(1) the prosecution of separate actions by or against individual members of the class would create a risk of A) inconsistent or varying adjudications with respect to individual members of the class which would establish incompatible standards of conduct for the party opposing the class, or(B) adjudications with respect to individual members of the class which would as a practical matter be dispositive of the interests of the other members not parties to the adjudications or substantially impair or impede their ability to protect their interests; or
(2) the party opposing the class has acted or refused to act on grounds generally applicable to the class, thereby making appropriate final injunctive relief or corresponding declaratory relief with respect to the class as a whole; or
(3) the court finds that the questions of law or fact common to the members of the class predominate over any questions affecting only individual members, and that a class action is superior to other available methods for the fair and efficient adjudication of the controversy. The matters pertinent to the findings include: (A) the interest of members of the class in individually controlling the prosecution or defense of separate actions; (B) the extent and nature of any litigation concerning the controversy already commenced by or against members of the class; (C) the desirability or undesirability of concentrating the litigation of the claims in the particular forum; (D) the difficulties likely to be encountered in the management of a class action. . . .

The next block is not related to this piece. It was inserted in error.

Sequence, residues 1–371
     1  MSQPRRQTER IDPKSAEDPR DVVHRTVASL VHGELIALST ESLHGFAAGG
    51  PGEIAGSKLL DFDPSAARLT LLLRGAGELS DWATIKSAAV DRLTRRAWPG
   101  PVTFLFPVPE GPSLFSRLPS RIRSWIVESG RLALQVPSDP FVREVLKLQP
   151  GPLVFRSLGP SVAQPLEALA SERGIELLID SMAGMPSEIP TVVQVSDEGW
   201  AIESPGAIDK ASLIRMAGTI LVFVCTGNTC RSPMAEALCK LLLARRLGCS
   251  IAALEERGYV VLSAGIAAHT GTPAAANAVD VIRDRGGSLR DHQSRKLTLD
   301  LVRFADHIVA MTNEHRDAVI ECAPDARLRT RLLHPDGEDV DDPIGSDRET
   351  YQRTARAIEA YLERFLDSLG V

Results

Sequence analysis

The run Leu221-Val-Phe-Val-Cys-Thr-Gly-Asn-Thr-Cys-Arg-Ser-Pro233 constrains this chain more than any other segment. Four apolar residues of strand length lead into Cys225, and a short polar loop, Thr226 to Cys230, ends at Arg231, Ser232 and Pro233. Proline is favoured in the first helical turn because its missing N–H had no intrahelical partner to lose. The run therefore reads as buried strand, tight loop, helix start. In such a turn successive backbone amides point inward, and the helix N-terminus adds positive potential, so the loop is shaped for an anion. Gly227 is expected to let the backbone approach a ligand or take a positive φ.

Fed.R. Civ. P. 23. All four of the requirements listed in Rule 23(a) are "prerequisites to certification [and] failure to meet any one of them precludes certification as a class." Retired Chicago Police Ass'n v. City of Chicago, 7 F.3d 584, 596 (7th Cir. 1993).